Liked by 1 person

                    • Definitely a memorable song, Kat Lit, and, like “MacArthur Park,” it has stood the test of time well. I agree that it’s still wonderful to listen to.

                      The young drummer Sina, who has a huge following on YouTube, did a fantastic cover of the Iron Butterfly song with three other musicians.

                      Liked by 1 person

                    • That was a terrific cover by Sina and the other musicians in that YouTube video. Thanks! I’ve always considered Karen Carpenter’s voice as the best ever in rock/pop, but it was also really cool that she played the drums! She still is usually somewhere in the top ten lists of greatest female drummers of all-time.

                      Liked by 1 person

                    • Glad you liked it, Kat Lit! Yes, a VERY impressive rendition!

                      And it is indeed impressive when someone both sings (well) and plays the drums (well) like Karen Carpenter did — and Don Henley of the Eagles does. I agree that Karen C. had a beautiful voice.

                      Like

            • Two Minds But a Single Thought Dept.:

              Only yesterday, attempting to wrest thorough understanding out of a celebrated writer’s essay, I stumbled on:

              “…she seems to rise from the broad tiered flounces of her costume as from a package of waves at a shoreline, the great fabric petals of her long train swirled, heaped as seawater at her feet…”– Stanley Elkin

              Maybe make that Three Minds:

              “Whenas in silks my Julia goes, Then, then, methinks, how sweetly flows The liquefaction of her clothes!”– Robert Herrick

              Liked by 1 person

          • Great, Rebecca, that you purchased those books and that your father was a Dorothy L. Sayers fan!

            I’ve read a couple of Sayers’ Lord Peter Wimsey/Harriet Vane mysteries — “Gaudy Night” (set at a women’s college) and “Strong Poison” — and found both very compelling.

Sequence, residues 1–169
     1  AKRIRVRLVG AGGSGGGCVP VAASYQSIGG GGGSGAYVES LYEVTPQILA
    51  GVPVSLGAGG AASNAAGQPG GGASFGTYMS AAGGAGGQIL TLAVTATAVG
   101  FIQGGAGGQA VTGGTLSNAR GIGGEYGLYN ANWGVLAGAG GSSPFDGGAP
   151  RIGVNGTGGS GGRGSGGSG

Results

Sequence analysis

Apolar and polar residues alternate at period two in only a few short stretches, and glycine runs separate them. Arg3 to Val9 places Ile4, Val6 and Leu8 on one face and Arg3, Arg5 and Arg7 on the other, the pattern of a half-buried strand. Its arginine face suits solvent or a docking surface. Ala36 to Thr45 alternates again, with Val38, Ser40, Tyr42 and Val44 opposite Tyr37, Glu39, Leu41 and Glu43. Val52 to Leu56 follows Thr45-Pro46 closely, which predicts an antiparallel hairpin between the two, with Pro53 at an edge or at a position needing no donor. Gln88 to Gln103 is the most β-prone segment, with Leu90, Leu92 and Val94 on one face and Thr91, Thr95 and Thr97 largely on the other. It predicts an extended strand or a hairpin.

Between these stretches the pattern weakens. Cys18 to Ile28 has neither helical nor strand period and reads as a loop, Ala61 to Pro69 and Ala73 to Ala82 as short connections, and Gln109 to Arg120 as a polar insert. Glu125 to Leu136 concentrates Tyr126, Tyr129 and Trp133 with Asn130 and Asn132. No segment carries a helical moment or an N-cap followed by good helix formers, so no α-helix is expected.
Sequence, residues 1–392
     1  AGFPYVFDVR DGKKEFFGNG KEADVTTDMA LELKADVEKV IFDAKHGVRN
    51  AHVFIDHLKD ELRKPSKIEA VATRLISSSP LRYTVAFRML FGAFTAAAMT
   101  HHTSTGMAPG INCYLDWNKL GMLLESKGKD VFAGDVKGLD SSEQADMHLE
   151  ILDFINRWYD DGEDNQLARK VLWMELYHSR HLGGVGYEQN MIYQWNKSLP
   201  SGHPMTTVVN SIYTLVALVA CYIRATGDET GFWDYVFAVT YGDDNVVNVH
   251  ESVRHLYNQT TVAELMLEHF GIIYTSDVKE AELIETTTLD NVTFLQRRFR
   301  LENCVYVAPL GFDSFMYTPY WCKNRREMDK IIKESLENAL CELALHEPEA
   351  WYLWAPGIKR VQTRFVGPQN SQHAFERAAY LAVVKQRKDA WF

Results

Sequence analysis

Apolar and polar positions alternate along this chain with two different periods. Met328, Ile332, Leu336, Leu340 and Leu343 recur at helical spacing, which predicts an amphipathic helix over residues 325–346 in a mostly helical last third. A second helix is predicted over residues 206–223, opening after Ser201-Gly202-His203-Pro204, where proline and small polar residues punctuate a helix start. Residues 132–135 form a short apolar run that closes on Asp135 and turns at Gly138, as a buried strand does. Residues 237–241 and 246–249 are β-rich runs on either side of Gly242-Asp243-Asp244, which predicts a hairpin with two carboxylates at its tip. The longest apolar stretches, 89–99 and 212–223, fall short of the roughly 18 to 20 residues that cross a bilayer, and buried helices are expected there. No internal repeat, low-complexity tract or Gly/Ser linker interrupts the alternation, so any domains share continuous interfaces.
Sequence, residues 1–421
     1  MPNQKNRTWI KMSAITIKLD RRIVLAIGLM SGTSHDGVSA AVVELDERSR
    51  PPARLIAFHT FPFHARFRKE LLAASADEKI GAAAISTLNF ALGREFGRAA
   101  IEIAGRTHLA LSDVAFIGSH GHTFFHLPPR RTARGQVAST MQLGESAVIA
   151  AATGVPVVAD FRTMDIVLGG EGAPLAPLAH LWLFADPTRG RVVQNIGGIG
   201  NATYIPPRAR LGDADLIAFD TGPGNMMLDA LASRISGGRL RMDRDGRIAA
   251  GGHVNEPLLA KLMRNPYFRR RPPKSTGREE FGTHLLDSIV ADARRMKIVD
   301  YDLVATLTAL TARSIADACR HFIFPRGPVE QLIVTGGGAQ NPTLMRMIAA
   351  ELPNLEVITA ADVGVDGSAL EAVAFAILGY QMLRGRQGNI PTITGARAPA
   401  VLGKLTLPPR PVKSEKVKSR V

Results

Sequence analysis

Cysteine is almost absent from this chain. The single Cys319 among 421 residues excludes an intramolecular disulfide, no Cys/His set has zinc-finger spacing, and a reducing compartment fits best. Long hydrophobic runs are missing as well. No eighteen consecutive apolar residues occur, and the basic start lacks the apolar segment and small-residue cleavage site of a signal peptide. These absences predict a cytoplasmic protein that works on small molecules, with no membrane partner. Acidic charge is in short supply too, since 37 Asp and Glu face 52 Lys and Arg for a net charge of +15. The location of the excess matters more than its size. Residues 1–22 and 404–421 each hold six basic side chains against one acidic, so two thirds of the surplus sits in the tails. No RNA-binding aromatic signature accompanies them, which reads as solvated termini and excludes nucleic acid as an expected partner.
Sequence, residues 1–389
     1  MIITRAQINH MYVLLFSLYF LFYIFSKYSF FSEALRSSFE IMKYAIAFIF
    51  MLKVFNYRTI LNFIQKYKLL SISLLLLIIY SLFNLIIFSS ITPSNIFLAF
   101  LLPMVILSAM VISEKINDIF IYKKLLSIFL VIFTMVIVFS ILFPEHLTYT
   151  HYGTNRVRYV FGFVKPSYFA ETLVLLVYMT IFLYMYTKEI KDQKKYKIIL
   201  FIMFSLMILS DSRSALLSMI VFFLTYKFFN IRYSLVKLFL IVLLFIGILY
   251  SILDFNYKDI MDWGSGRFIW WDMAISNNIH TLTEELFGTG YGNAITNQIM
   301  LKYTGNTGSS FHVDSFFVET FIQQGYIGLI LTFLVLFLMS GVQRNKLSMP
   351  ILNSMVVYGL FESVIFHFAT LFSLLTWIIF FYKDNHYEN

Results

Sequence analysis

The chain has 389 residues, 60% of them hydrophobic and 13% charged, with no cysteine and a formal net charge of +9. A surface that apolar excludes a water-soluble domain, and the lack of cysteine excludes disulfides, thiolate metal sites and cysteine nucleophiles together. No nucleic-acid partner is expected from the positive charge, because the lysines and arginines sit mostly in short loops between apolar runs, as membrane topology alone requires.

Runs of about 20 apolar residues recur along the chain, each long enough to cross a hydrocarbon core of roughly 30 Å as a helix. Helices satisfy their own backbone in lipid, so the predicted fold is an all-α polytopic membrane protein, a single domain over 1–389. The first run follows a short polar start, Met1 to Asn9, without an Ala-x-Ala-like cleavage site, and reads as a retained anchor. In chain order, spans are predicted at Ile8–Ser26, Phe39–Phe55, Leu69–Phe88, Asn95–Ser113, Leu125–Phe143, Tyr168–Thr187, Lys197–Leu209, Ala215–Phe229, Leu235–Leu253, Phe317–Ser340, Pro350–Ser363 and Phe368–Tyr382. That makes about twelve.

Liked by 1 person

                • Sayers is more well-known for her literary mysteries, rather different from Agatha Christie, whose greatest ability was as a master plotter, especially when it came to ways to murder someone else! “Gaudy Night” is considered to be her best mystery (although some would place “The Nine Tailors” as better). I considered “Gaudy Night” to be a feminist novel and is perhaps my all-time favorite novel, after “Persuasion,” “Pride & Prejudice,” and “The House of Mirth.” The quote from the book that has stayed with me all of my working life and beyond is:

                  “I know what you’re thinking – that anybody with proper sensitive feelings would rather scrub floors for a living. But I should scrub floors very badly, and I write detective stories rather well. I don’t see why proper feelings should prevent me from doing my proper job.” –Harriet Vane

                  Although there were many times I could have pursued a position with better pay and more status, I chose to stay with my “proper job” that I enjoyed and performed well.

                  Liked by 1 person

              • Or that the author of “Lolita” would put out a 4-volume translation (1 vol. for the poem, done in clunky, supposedly literal prose, and 3 vols. of notes– these entertain and are exhaustively useful) of “Eugene Onegin?”

                Liked by 1 person

  9. Unsurprisingly perhaps, hard-boiled crime fiction master Dashiell Hammett worked for some years as a detective in San Francisco– some of his experiences were later put to good use in his Continental Op short stories.

    Raymond Chandler worked for years as an executive in an oil company before the Depression killed his job, forcing him, thankfully to a life of crime…fiction.

    A lesser-known crime fiction writer out of the John D, McDonald School, Robert J. Ray, worked as a tennis instructor. His hero, Matt Murdoch, was featured in a half-dozen of his novels.

    Liked by 3 people

  10. The thing is you think these really famous authors just swanned about penning their next masterpiece but no. Wodehouse worked in a bank I believe, handy. mind you, for counting his money later on. I think he also wrote stories about his experiences which a lot of authors do, I guess work is a rich seam worth mining but could lessen the amount of creative output for some.

    Liked by 3 people

  11. Dave – your brilliant post reminded me that we all have different careers, jobs that put food on the table and a roof over our heads. Sometimes we put our creative energy on the back burner because we simply run out of time. In my high school years, I was in a George Bernard Shaw play. Imagine my surprise when I learned that he was a telephone company employee at the Edison Telephone Company giving demonstrations. I just read “A Secret Sisterhood” by Emma Sweeney and Emily Midorkawa who gave a profound insight into the life of Charlotte Bronte, who was a governess for several years as well as an English teacher in Brussels. Thank you for mentioning Barbara Ehrenreich. I read “Bright-sided” and “Living with a Wild God: A nonbeliever’s search for the Truth….” Brutally honest but with loads of compassion. “There is a vast difference between positive thinking and existential courage.” Barbara Ehrenreich, Bright-Sided

    Liked by 6 people